You know, I do not wish to make the victims of these slimeballs feel any worse, by any means, but a lot of this information is readily available prior to purchase.

    My experience has been that most deceptions of this type are not very clever----there are a FEW that are very clever, but these are usually reserved for very big buck cars.

    My rule of thumb is that on a given car, a string of "dubious" things points to fraud, even if nothing can be absolutely proven.

    Case in point---a missing VIN tag that was "lost during restoration", a data plate in the wrong place....the use of modern fasteners to rivet a VIN plate....a "decked" engine with missing ID numbers. Also ZERO documentation is suspicious. Also lots of mis-matched date codes on various components. (NO, you cannot have an engine made in MAY 1966 put into a car made in January 1966).

    On some bogus GTO's, you can shine a flashlight down the opening of the rear windows and see where the body filler leaks out of the holes that held the "Tempest" script to the body.

    MODERATOR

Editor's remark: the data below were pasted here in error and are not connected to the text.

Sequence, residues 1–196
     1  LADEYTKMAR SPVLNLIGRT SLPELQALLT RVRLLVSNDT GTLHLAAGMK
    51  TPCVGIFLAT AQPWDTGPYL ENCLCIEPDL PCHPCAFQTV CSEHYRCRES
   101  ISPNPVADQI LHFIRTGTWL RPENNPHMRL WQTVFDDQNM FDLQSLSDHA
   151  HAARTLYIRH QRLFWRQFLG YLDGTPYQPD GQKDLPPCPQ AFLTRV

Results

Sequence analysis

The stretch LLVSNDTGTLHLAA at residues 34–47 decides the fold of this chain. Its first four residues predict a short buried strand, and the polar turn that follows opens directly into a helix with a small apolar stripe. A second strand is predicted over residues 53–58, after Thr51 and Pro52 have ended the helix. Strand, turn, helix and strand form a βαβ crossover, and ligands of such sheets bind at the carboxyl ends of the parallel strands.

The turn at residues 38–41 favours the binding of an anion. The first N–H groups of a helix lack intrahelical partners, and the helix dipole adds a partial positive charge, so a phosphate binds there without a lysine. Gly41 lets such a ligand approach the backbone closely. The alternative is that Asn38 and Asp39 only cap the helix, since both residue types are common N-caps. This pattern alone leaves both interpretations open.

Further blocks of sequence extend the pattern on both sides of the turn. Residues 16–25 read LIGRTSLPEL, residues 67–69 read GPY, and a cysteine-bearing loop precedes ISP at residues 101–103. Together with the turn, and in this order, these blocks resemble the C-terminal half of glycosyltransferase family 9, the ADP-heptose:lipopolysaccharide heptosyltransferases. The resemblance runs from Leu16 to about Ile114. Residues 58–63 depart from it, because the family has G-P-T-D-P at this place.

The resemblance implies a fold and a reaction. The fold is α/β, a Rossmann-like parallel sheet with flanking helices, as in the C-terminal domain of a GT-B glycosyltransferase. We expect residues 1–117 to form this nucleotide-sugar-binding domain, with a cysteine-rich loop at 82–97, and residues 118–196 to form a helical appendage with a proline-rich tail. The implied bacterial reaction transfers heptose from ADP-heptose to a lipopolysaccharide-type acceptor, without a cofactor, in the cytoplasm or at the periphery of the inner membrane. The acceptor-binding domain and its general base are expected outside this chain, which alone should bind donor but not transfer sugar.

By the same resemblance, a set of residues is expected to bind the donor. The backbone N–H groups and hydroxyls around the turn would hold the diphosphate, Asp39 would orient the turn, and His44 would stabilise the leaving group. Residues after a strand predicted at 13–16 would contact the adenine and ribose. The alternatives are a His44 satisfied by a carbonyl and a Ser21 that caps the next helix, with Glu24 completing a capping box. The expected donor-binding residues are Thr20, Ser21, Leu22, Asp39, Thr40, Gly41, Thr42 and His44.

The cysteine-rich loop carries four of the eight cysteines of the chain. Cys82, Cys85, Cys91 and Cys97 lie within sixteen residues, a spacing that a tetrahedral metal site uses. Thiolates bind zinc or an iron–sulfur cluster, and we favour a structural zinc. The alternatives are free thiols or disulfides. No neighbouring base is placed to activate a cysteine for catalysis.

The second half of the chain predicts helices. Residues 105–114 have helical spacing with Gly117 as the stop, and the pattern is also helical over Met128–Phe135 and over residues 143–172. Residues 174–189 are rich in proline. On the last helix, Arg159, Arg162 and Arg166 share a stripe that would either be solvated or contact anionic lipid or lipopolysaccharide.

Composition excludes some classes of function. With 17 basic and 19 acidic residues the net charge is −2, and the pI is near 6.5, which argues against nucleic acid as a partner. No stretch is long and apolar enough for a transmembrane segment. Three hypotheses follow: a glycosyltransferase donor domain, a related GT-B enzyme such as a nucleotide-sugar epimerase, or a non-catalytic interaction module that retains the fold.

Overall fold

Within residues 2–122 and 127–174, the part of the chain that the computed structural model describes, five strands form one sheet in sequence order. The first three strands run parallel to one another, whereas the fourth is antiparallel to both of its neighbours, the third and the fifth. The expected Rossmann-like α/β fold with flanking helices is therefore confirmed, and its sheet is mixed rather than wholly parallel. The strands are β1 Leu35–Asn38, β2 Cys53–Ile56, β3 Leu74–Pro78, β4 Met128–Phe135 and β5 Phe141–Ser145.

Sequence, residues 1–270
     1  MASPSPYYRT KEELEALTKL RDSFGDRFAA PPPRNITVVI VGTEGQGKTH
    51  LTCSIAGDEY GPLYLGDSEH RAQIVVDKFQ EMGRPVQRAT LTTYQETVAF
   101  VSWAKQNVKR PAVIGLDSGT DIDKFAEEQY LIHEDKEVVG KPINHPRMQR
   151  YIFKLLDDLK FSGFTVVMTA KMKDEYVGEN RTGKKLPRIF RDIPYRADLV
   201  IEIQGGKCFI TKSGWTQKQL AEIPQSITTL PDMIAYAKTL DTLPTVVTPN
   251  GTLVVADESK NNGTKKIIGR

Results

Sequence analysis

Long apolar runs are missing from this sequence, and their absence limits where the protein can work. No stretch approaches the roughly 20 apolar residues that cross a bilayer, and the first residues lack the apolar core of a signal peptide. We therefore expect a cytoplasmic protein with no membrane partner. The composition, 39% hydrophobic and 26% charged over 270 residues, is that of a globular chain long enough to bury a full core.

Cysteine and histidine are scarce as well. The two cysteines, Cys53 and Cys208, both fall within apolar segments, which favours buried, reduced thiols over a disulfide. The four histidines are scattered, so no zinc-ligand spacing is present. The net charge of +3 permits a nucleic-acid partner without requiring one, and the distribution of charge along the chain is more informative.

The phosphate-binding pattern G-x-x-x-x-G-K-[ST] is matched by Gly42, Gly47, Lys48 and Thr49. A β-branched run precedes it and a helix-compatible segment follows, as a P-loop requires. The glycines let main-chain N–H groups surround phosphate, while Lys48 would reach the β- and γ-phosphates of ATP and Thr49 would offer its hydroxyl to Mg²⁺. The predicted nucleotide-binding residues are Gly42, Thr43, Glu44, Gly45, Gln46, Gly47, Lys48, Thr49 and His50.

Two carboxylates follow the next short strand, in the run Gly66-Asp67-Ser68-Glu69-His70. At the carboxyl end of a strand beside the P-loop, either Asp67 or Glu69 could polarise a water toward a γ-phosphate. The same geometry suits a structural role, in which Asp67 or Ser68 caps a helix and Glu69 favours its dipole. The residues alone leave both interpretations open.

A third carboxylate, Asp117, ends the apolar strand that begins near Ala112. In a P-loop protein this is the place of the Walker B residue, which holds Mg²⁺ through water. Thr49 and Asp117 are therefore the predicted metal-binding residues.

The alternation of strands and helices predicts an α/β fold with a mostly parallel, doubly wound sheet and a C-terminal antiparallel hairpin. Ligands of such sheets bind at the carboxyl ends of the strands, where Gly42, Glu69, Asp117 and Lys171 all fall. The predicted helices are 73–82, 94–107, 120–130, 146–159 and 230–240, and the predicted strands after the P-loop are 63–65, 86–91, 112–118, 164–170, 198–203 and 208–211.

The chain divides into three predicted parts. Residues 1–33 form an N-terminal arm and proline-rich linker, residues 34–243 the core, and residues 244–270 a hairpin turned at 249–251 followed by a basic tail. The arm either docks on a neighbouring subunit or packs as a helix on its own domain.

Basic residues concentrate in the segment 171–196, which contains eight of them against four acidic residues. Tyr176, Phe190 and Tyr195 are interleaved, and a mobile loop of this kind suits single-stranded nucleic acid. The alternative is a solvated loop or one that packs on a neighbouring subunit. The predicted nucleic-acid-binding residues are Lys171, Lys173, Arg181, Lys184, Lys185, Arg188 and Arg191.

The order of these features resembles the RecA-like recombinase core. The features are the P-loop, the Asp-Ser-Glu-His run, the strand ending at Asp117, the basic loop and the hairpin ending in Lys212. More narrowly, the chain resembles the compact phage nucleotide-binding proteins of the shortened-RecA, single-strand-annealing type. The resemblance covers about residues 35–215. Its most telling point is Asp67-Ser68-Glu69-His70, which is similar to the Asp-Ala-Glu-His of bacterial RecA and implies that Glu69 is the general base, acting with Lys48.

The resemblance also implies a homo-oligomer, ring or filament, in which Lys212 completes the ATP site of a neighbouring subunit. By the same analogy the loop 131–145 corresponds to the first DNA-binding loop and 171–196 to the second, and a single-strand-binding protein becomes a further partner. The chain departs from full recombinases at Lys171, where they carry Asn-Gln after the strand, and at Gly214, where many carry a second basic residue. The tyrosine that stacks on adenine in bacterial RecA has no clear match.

• blh7068blh7068 Posts: 376
    "Conclusion: Someone changed the grill etc. to the GTO look but the dang car is a Le Mans! This is the VIN 235176B139151 Do I need to research more? Can anyone confirm my conclusion?Looking again I found a 326 emblem in the trunk."

    As shifty said...the VIN says it all... 35 indicates it was born a Tempest Custom.
    The 42 would I.D. it as a goat.
  • kingzonkkingzonk Posts: 4
    I'm glad to see we got back on track, was getting concerned that the original topic got lost. Thx for your information. Fortunately I only paid $300 for the car so it doesn't hurt too bad financially. Thought I had my dream car only to find out NOT... I've been disabled now anyway and cannot restore it. I have no idea what this thing would go for on criags list. Can anyone give me some help on what is fair, being honest of course, not as a GTO even though it has many GTO parts. :cry:
  • Mr_ShiftrightMr_Shiftright CaliforniaPosts: 44,631